Some Schools to Big Brother Barack: Stay Out!

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Jim Watson / AFP / Getty

President Obama appears at a meeting in the Oval Office

Correction Appended: Sept. 8, 2009

When Barack Obama won Florida last November — the first northern Democrat to take the Sunshine State since FDR — many saw it as a sign of centrist GOP governor Charlie Crist's moderating influence. But lately, Florida's disgruntled Republicans aren't looking very moderate. This week, in fact, the peninsula's GOP registered arguably the loudest outcry over the education speech President Obama plans to deliver to U.S. primary and secondary students via webcast and C-Span next Tuesday, Sept. 8. In perhaps the most over-the-top performance, state Republican chairman Jim Greer called it an attempt to use "our children to spread liberal propaganda" and "President Obama's socialist ideology."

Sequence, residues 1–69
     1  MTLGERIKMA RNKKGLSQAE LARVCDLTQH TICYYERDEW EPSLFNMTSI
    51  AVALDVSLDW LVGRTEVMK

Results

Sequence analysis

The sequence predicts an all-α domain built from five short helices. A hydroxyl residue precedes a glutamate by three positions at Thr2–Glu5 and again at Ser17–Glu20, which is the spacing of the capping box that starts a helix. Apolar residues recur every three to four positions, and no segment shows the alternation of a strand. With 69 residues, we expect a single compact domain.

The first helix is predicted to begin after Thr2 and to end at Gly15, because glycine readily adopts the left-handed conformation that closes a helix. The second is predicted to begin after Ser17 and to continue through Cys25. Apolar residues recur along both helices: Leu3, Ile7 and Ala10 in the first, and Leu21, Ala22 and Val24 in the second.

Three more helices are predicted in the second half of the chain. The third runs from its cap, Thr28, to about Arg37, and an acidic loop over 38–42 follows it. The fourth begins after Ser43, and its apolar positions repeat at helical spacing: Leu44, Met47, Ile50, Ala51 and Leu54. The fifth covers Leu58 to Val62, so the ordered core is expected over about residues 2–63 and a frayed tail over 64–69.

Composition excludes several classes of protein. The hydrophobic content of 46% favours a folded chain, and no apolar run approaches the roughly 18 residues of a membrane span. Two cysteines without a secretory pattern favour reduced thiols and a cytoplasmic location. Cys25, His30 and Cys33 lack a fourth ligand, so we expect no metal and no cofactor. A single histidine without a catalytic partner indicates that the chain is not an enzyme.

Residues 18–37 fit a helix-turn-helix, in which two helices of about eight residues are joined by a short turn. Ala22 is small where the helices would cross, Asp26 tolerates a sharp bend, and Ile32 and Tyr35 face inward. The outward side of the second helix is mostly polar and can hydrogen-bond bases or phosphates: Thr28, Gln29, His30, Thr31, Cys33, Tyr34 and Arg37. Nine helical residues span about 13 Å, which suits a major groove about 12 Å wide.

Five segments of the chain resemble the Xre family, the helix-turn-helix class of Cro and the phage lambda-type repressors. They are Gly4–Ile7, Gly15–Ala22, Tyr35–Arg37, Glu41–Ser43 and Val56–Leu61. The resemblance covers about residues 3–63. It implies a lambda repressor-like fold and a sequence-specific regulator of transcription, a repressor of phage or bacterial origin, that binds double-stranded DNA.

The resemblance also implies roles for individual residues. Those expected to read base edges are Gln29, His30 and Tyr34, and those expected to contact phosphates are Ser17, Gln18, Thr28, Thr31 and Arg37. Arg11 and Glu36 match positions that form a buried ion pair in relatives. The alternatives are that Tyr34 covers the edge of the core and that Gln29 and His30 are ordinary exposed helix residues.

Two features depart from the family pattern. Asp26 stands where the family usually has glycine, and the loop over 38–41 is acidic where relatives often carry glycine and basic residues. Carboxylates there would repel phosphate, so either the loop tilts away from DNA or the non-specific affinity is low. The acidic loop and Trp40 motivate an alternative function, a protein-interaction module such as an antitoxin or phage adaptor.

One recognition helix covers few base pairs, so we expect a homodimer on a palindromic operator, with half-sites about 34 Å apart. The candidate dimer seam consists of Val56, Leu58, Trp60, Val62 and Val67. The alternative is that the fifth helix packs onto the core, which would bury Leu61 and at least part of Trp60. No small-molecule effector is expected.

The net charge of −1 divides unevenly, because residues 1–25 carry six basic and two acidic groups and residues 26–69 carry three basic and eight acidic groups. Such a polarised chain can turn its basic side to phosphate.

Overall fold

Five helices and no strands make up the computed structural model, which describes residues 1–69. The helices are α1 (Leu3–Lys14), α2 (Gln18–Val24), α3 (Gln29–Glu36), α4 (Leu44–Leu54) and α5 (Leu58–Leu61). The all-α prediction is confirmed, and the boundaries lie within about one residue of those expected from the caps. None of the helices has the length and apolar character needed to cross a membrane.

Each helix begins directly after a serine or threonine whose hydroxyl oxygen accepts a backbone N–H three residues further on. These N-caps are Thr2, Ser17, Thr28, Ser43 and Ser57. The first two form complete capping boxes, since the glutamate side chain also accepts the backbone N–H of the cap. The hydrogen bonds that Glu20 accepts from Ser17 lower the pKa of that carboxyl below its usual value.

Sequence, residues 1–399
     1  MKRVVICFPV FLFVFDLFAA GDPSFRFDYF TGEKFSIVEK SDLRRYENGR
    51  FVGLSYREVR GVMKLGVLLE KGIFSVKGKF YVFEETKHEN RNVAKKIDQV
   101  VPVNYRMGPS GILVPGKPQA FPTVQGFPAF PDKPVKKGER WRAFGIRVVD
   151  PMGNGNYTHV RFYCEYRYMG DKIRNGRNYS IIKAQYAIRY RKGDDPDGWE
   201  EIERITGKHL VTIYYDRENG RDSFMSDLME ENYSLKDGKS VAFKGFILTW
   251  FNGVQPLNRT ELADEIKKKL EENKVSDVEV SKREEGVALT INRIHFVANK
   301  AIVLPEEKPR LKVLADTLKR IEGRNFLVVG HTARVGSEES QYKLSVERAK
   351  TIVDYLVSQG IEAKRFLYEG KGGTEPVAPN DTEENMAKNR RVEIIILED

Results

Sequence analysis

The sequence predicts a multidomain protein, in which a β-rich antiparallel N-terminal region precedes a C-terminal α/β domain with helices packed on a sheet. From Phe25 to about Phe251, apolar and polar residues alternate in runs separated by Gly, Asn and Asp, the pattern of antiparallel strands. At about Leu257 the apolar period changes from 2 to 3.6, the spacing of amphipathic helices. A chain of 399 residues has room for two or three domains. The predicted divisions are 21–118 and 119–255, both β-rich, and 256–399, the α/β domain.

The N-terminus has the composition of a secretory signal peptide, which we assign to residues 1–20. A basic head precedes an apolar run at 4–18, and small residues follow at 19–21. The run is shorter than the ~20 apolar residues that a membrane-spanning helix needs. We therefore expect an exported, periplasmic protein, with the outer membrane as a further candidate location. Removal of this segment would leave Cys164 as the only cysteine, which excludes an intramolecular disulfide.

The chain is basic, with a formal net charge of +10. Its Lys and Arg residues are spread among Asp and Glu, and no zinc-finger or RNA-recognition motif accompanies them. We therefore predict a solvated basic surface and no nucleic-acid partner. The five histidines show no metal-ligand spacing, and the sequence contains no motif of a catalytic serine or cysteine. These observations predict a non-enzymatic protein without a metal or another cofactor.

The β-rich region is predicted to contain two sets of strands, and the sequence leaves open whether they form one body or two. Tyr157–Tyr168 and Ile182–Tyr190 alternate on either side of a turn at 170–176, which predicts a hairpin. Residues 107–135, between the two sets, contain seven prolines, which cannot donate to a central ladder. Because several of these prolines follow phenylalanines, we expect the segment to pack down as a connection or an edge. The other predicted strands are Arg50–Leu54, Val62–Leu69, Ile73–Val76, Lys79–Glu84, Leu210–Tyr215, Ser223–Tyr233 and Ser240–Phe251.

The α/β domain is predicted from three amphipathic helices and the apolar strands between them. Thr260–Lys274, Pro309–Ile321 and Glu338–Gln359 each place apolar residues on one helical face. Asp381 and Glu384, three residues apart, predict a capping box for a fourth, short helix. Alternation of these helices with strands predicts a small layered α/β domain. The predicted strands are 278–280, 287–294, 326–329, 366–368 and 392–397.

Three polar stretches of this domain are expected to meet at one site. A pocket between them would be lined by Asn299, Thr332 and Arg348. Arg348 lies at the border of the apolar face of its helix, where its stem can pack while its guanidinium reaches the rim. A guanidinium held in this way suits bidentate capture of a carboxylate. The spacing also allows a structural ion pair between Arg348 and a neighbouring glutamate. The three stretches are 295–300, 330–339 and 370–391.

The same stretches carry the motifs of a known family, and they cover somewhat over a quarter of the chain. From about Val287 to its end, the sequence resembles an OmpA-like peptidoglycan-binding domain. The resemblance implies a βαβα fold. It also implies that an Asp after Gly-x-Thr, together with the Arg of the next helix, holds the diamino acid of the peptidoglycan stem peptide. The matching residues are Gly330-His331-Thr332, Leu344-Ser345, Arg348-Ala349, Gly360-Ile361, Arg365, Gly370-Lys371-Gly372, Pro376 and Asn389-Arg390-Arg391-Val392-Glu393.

Owing in large part to the Administration's ham-handed advance work, the strident conservative anger that erupted this summer over health-care reform has shifted from town halls to school halls. On the surface, Obama's intentions for Tuesday seem nothing more threatening than a presidential pep talk about taking education seriously. But some ill-advised prep material from the Education Department — like suggestions that teachers have students write letters on "how to help the President" and recommendations that those pupils read his books — has left the door ajar (and that's all it seems to take these days) for Republican charges that Obama "wants to indoctrinate our kids," as Carla Dean, GOP chairwoman of Florida's Collier County, puts it.